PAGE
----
Menindee is a small border town in far west New South Wales. Resting on the banks of the Darling River, Menindee is home to no more than a thousand people. It has a significant Aboriginal population, with 36% of residents identifying as Aboriginal in the 2016 census. Due to its rural location and small population, Menindee has few opportunities for job training and a high unemployment rate. The local school, Menindee Central, was struggling with low Year 12 completion rates and high truancy.
In 2010, Menindee resident and principal of Menindee Central School, Brian Debus, had a brainwave. He took the idea to the community and they constructed Minintitja – a motel and restaurant built around two reclaimed railway carriages. Minintitja’s mission; fund Menindee Central School and provide the opportunity for students to gain valuable hospitality and tourism skills. Minintitja has been a rousing success, attracting tourists to the region that inject money into the local economy. Attendance at the school has increased and Year 12 graduate rates are climbing. But with that success has come an increased need for maintenance and upkeep. Demand has increased, and the facilities have started to age. Fittings that seemed adequate in the initial project are no longer sufficient.
Enter Scott Johnson. Scott Johnson is a plumber from Sydney. His wife had been involved in regular excursions to Menindee with a local school, and after visiting himself he realised exactly what the school needed. Scott’s $15,000 Reece Grant helped fund a comprehensive renovation of the bathrooms at Minintitja.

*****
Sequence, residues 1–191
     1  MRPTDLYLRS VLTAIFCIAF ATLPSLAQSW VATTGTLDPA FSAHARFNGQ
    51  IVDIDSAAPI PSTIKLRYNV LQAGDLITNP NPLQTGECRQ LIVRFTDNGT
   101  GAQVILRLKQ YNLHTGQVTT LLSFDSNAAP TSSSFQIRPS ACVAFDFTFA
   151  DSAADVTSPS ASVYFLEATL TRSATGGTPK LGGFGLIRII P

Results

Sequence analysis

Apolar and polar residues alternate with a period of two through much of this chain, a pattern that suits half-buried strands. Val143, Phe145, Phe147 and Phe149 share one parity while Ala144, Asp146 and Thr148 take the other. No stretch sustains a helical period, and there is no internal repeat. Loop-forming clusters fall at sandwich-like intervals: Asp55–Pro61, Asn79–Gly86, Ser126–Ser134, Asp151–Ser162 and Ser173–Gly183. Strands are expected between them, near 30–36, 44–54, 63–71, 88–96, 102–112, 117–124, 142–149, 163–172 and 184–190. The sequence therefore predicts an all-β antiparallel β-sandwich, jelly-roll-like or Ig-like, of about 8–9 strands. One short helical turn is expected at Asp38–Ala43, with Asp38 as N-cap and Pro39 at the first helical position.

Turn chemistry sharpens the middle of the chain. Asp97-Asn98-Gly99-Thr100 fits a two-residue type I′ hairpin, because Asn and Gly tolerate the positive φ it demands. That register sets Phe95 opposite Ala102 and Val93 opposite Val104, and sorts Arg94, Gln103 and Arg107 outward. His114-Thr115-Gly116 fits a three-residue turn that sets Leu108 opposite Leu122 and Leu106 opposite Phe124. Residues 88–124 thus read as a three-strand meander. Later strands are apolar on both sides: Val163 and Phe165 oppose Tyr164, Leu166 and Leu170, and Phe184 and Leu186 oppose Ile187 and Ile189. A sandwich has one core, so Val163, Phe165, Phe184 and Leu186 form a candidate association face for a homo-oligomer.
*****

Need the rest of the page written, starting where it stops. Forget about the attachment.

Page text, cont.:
“Menindee has faced significant disadvantages and unique challenges,” says Scott. “However, they have used community resources to develop sustainable solutions – the school has strong connections and a positive culture.”
The shower facilities were expanded to six and a second wash basin in each bathroom has been added. The grant also funded the wholesale construction of a new toilet block including three cubicles and two basins. Lastly, the project involved connecting running water to the carriages’ washbasins. Although the basins are a part of the original railway carriage, they haven’t been operational in Minintitja’s history.
“Everyone in the community is passionate about the project,” Scott says. “The challenge has been keeping up with maintenance and organising qualified tradespeople to come out here. This project is about empowering that community, giving them the tools to engineer their own success.”
Scott’s team from Metro North Plumbing was supported by a builder from Forefront Group Australia. Scott would like to thank the team’s close friends and family for their support, and Butcher’s Delight in Lindfield for supplying an entire week’s worth of food.